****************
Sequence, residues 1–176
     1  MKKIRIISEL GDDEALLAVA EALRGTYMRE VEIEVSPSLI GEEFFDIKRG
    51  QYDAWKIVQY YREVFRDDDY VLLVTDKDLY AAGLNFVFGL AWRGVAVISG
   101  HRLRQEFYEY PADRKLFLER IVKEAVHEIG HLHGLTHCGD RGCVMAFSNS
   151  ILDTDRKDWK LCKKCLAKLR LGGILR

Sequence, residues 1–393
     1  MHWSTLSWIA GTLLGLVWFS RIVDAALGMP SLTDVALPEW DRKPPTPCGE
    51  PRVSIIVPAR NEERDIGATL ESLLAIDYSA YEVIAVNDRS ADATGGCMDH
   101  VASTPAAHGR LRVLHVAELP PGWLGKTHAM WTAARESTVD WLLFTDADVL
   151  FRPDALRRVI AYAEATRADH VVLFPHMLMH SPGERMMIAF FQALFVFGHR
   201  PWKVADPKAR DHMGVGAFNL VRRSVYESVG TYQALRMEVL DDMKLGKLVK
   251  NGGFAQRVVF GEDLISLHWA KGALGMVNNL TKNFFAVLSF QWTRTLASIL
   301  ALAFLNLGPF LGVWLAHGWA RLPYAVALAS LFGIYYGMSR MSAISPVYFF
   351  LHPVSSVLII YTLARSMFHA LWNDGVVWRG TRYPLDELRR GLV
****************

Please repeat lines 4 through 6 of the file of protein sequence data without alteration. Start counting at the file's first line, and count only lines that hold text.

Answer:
   101  HRLRQEFYEY PADRKLFLER IVKEAVHEIG HLHGLTHCGD RGCVMAFSNS
   151  ILDTDRKDWK LCKKCLAKLR LGGILR

Sequence, residues 1–393